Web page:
Causes of back pain does not matter. Most people claimed a reduction in pain so whatever worked, worked for most people.

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Re: Physician: In an experiment, 50 patients with chronic back pain were  [#permalink]

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06 Mar 2019, 11:52
Akela wrote:
Physician: In an experiment, 50 patients with chronic back pain were divided into two groups. Small magnets were applied to the backs of one group; the other group received no treatment. Most of the patients in the first group, but very few in the second group, reported a significant reduction in pain. This shows that magnetic fields are probably effective at relieving some back pain.

Which one of the following, if true, constitutes the logically strongest counter to the physician’s argument?

(A) A patient’s merely knowing that a treatment has been applied can lead to improvement in his or her condition.
(B) Most physicians believe that medication relieves chronic back pain more effectively than magnets do.
(C) No other experiments have been done showing that magnetic fields reduce pain in any area other than the back.
(D) Some of the scientists who helped design the experiment believed even before the experiment that magnetic fields relieve back pain, but they were not directly involved in conducting the experiment.
(E) There was wide variation in the specific causes of the chronic back pain suffered by the patients in the experiment.

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Physician: In an experiment, 50 patients with chronic back pain were  [#permalink]

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06 Mar 2019, 22:59
Physician: In an experiment, 50 patients with chronic back pain were divided into two groups. Small magnets were applied to the backs of one group; the other group received no treatment. Most of the patients in the first group, but very few in the second group, reported a significant reduction in pain. This shows that magnetic fields are probably effective at relieving some back pain.

Which one of the following, if true, constitutes the logically strongest counter to the physician’s argument?
Conclusion- magnetic fields are probably effective at relieving some back pain

Pre-thinking- As with many causal relationships, the easiest way to weaken the conclusion is by recognizing an alternate cause. We want to think of a reason, other than the magnates, that the two groups differ. A key factor may be the fact that this was not a blind study. Participants knew if they were receiving the magnet treatment or no treatment by the nature of the study. After all, it would be hard not to notice a magnet on your back.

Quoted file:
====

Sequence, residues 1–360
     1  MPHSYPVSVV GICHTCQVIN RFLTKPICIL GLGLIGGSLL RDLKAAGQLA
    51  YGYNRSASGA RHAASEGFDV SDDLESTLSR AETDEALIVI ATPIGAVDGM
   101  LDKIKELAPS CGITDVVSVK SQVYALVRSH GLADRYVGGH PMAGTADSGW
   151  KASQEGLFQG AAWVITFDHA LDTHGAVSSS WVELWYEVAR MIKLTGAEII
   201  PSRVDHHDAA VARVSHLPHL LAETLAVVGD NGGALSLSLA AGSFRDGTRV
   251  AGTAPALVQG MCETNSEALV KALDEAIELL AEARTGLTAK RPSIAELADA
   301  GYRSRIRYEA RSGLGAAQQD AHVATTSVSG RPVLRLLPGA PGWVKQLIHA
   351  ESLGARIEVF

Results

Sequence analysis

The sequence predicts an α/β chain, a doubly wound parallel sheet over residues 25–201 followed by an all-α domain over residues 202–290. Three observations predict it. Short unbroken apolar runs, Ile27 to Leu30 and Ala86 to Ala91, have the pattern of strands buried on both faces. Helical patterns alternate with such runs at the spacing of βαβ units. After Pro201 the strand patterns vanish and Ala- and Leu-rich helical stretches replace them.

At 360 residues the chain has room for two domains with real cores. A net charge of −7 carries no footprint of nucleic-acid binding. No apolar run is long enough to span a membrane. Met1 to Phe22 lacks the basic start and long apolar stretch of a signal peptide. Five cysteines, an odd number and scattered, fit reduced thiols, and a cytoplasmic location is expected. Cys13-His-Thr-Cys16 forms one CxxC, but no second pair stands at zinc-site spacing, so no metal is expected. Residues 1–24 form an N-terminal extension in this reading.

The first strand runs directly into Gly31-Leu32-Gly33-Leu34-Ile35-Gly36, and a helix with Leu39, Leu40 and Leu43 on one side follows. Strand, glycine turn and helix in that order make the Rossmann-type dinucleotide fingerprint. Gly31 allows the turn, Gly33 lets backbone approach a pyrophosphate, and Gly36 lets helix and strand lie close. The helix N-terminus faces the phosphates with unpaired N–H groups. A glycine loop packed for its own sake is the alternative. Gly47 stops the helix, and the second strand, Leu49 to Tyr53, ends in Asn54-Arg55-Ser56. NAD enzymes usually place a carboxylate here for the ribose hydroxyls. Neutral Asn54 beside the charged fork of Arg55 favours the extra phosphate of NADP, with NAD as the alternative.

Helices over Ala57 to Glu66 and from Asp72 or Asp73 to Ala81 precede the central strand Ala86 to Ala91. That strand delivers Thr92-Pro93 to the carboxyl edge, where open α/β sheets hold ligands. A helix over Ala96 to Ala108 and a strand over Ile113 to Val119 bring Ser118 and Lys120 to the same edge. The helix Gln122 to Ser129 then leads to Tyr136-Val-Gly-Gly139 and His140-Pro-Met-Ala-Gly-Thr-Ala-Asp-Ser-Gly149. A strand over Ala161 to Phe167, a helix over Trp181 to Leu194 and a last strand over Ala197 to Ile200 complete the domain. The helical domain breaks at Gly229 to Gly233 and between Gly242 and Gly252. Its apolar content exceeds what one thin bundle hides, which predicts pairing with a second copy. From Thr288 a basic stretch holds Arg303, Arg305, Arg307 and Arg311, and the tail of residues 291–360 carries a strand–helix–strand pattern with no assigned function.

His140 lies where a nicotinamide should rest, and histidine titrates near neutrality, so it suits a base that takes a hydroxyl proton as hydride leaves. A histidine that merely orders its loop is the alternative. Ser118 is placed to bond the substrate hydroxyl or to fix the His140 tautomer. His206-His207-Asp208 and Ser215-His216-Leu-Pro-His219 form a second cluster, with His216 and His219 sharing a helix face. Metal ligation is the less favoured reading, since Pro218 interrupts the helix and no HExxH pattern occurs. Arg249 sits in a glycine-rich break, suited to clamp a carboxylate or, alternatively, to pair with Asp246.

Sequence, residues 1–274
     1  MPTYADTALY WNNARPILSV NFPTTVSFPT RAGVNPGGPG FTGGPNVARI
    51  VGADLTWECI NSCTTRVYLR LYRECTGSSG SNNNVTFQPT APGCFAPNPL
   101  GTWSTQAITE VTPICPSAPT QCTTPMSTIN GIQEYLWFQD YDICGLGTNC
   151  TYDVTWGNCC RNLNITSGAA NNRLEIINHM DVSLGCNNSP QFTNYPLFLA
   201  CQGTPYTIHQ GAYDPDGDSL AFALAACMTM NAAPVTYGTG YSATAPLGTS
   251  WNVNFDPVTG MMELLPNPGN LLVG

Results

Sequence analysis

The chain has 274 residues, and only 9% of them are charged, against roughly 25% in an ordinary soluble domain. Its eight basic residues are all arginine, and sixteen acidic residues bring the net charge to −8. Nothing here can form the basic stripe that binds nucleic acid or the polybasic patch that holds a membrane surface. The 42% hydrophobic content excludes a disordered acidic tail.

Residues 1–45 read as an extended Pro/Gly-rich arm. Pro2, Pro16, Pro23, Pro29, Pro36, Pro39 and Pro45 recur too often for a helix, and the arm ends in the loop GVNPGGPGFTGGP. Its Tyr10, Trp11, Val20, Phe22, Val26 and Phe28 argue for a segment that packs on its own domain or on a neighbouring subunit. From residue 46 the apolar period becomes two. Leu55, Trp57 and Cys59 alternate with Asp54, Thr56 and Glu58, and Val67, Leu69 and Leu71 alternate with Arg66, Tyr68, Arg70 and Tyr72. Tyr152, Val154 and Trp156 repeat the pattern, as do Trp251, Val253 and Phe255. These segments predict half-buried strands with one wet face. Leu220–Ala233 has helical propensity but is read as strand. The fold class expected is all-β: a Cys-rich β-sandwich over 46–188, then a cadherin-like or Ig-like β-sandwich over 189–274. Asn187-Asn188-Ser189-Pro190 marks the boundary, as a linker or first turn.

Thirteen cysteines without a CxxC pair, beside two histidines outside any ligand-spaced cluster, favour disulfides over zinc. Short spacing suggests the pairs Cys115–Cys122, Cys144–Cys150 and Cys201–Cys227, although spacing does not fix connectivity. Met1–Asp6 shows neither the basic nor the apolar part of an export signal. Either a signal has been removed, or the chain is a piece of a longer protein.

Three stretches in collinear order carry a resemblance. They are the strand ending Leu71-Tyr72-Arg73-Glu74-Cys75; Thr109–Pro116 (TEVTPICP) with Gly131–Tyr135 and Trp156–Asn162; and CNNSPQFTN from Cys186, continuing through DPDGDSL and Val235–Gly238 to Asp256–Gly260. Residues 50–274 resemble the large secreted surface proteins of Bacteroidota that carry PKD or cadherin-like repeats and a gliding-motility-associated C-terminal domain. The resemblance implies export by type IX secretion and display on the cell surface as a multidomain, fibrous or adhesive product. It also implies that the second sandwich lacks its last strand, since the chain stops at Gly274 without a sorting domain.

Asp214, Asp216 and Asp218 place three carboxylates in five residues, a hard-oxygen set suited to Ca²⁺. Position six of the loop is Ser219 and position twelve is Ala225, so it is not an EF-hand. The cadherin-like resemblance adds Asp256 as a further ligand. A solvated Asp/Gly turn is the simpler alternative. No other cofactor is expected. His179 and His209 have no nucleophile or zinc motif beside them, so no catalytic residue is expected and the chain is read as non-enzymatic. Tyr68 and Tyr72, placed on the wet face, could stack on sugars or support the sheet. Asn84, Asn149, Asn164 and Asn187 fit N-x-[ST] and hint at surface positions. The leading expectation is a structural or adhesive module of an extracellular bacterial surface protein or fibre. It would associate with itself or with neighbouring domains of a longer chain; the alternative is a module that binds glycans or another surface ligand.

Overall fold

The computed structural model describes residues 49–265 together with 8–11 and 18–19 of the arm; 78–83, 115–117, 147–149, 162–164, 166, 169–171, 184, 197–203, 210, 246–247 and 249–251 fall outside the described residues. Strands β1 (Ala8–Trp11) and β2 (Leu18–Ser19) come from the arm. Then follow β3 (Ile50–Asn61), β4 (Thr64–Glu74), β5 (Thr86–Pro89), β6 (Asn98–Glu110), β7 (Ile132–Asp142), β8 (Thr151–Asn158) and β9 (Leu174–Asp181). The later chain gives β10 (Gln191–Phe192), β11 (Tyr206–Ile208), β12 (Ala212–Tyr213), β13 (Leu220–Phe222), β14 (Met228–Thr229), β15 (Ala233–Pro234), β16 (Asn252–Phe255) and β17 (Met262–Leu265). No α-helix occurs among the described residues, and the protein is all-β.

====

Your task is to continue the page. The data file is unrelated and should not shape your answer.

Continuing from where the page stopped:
(A) A patient’s merely knowing that a treatment has been applied can lead to improvement in his or her condition.- Correct; the patient’s knowledge of the fact he or she is receiving treatment can impact subjective levels of pain
(B) Most physicians believe that medication relieves chronic back pain more effectively than magnets do.- incorrect; the causal argument was comparing magnet use to a complete lack of treatment. The argument does not attempt to compare types of treatment, but rather a type of treatment versus no treatment at all. The study was not attempting to determine what type of treatment is best to manage back pain, but rather could magnets work as a type of treatment to manage back pain.
(C) No other experiments have been done showing that magnetic fields reduce pain in any area other than the back.- Out of scope; the conclusion is specifically focused on “some back pain
(D) Some of the scientists who helped design the experiment believed even before the experiment that magnetic fields relieve back pain, but they were not directly involved in conducting the experiment.- incorrect; This answer choice attacks those who created the study. It sounds plausible that the developers’ beliefs could impact the results of the study. However, as we read through this answer choice, we realize that those researchers with a bias were not actually involved in carrying out the study.
(E) There was wide variation in the specific causes of the chronic back pain suffered by the patients in the experiment.- incorrect; It does not tell us, for example, that the first group consisted of patients with low back pain, while the second group consisted of patients with neck pain. It merely states that there were different types. Since it does not allow us to draw a new distinction between the two groups, it is not the correct answer choice.

Hope this helps!

https://magoosh.com/gmat/2013/medical-t ... reasoning/
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Physician: In an experiment, 50 patients with chronic back pain were   [#permalink] 06 Mar 2019, 22:59